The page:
They are regular 91/2 magnum primers and don’t half to be resized all they half to do is deprime and reprime. They make hand primers and deprimers the gun shoots well and it is very nice I have the bell and carsons stock and it will hold 2 inch groups at 350 yards I use 4 pellets and it sends them threw the 2 c.graphs at 2428 with a 250 grain at 50 yards out and it sends get this guys a 300 grain sst boat tail at 2576 with 4 777 pellets with a very impressive grouping I’m confident with my rifle I will shoot out to 400 yards. This gun has exceeded there statements in my testing and we use a 3rd c graph to see it posted the exact same and they all 3 have been calibrated for uspsa shoots and for archery so they are did on each shot only had a 20 fps spread in velocity! !

  • Chad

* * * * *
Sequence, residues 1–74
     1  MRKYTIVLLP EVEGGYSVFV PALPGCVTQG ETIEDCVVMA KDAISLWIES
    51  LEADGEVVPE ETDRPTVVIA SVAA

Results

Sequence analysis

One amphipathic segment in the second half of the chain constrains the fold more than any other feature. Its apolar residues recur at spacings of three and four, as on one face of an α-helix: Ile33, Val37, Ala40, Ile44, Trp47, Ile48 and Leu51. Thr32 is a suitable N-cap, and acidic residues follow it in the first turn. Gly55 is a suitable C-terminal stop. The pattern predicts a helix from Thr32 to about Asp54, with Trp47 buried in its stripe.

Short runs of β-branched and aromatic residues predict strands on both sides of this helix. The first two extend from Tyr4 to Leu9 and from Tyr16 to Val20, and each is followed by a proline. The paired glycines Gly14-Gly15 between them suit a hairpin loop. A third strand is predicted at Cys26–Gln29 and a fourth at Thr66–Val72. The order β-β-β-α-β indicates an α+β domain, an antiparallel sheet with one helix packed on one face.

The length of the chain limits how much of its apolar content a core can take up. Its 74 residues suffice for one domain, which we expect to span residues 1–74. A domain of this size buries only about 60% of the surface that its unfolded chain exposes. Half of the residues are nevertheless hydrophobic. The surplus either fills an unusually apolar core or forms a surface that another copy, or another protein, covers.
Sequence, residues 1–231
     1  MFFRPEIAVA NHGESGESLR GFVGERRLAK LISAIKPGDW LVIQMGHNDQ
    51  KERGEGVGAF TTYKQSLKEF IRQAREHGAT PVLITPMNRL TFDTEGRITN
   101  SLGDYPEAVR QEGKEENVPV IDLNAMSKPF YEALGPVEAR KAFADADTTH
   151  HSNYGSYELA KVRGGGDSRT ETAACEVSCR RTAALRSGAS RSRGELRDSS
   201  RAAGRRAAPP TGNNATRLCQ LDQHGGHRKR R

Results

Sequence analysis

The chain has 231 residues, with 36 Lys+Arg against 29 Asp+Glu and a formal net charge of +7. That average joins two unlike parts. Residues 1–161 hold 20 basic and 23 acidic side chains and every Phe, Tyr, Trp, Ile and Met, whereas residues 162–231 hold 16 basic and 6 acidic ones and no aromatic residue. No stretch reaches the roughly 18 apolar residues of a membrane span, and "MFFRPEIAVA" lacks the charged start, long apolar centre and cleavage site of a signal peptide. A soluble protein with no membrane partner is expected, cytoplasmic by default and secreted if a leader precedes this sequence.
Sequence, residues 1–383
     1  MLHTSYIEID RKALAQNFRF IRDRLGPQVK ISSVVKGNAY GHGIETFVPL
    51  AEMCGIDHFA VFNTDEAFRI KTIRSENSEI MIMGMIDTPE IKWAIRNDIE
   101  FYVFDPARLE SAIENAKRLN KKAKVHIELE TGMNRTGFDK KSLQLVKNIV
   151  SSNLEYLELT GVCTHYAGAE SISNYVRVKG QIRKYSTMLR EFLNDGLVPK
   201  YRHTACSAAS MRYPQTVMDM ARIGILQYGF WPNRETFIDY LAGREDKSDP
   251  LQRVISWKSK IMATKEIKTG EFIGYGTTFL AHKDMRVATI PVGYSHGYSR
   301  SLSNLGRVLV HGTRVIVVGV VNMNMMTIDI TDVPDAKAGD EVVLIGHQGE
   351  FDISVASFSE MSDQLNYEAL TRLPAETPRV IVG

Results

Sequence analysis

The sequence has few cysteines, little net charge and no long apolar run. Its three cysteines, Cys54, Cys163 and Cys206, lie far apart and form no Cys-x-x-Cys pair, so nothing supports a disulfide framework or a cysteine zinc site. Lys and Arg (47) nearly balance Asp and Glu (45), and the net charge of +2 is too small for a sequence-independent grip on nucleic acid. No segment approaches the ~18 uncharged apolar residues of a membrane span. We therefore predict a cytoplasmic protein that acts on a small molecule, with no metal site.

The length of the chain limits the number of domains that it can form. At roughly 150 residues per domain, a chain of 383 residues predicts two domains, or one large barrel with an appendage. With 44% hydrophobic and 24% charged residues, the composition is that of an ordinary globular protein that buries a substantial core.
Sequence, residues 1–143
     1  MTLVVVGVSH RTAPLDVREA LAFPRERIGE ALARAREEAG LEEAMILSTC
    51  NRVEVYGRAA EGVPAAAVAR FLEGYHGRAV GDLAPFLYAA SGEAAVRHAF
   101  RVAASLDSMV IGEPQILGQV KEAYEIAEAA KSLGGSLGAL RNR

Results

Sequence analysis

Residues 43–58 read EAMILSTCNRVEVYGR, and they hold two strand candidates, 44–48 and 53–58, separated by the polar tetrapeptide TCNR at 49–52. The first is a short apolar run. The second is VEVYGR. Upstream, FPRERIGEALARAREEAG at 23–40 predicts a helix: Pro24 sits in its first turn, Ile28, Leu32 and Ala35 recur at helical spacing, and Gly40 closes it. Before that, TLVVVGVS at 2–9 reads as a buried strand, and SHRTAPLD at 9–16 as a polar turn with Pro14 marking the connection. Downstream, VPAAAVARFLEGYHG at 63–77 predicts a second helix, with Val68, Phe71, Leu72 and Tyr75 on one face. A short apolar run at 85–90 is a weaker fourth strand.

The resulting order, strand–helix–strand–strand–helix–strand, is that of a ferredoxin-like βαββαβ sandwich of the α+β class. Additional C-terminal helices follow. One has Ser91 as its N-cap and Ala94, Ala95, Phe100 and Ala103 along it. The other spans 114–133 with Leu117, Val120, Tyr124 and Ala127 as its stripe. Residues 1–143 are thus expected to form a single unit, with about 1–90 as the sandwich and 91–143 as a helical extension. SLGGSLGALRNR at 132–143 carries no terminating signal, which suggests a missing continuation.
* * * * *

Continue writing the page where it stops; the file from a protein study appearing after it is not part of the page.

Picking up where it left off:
I think the ignition system is nice!For sure no” blow back”, with the primer being “push” fed and inclosed.The only thing that concerns me is the primer being set in a brass casing,if Remington steps out of the industry again people who don’t reload or have a press could have a problem finding primers and some stores may not stock them anyway with demand being low.There is two well known outdoor supply stores in my area that dont have the primers in stock now and it’s September! This muzzleloader also is under FFL because it’s a regular 700 receiver and a .308 barrel is easily installed,with the crazy gun laws our country have…this could keep some good sportsmen from buying one.What I mean by crazy laws is…if you were arrested for a joint(marijuana) at age 19 you can’t legally own a gun! TC ENCORE is still the best!